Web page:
Maillard reaction

The Maillard reaction is one of the most common and most complex reaction that takes place mainly in foods.

The Maillard reaction has been named after the French chemist Louis Camille Maillard (1878–1936) who initially described it. He observed the formation of yellow-brown pigments in the reaction among sugars and amino acids, polypeptides, or proteins; and among polysaccharides and polypeptides, or proteins, in a heated solution.

This led to the discovery of the browning reaction, which is now more commonly known as the Maillard reaction. Two types of browning are normally observed in foods, namely enzymatic and non-enzymatic browning. The Maillard reaction is a type of non-enzymic browning which involves the reaction of carbonyl compounds, especially reducing sugars, with compounds which possess a free amino group, such as amino acids, amines and proteins.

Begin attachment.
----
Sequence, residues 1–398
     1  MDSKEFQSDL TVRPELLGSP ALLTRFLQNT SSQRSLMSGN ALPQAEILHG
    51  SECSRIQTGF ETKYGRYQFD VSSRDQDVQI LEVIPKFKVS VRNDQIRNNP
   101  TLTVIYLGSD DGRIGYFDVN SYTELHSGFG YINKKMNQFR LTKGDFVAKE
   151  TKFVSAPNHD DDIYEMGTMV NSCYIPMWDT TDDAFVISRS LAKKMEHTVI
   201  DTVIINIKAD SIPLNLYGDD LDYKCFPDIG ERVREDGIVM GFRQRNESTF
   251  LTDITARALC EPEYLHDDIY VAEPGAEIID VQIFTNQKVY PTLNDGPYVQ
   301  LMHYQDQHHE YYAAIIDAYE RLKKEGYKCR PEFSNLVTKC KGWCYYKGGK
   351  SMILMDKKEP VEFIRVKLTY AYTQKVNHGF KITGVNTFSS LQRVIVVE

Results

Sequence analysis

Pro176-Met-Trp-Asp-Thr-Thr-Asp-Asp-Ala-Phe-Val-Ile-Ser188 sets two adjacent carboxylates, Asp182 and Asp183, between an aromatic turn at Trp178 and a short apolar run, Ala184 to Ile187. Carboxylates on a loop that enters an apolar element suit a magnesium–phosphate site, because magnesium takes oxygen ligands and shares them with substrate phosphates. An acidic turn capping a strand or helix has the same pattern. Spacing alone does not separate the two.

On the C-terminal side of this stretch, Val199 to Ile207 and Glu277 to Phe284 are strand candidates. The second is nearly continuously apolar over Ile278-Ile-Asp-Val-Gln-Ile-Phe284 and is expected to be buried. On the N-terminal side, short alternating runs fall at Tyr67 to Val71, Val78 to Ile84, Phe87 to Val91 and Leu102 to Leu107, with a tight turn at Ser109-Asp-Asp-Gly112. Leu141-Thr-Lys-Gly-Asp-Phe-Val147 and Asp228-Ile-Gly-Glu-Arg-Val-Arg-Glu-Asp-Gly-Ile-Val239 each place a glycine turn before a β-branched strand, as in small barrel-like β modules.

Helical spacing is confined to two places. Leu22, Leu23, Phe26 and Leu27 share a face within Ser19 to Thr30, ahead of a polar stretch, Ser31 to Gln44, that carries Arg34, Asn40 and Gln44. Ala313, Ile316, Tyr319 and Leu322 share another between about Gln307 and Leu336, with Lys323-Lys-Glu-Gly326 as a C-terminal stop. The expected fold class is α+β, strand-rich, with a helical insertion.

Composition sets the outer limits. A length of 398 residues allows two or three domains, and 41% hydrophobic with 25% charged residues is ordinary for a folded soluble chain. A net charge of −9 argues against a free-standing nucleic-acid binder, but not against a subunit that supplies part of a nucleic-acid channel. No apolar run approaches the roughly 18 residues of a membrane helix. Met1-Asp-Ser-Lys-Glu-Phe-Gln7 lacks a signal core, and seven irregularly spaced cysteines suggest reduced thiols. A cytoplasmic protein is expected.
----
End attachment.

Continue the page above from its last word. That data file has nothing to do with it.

Hodge in 1953 first described the steps involved in Maillard reaction products (MRPs), also known as advanced glycation end-products (AGEs), formation.

Maillard reactions lead to changes in food color, organoleptic properties, protein functionality, and protein digestibility. The Maillard reaction occurs on heating or on prolonged storage and is one of the deteriorative processes that take place in stored foods.

The sugar component must contain a reactive carbonyl group (reducing sugar) and amino acids may be present in foods either as free or as part of a protein. Apart from resulting in nutritional damage, the Maillard reaction is also primarily responsible for the development of aroma and color, which may be desirable or undesirable, in heated foods.

Maillard reaction can also take place in living organisms. It has been reported that some maillard reaction products particularly melanoidins have beneficial effects on health such as antioxidative and antibiotic effects.
Maillard reaction

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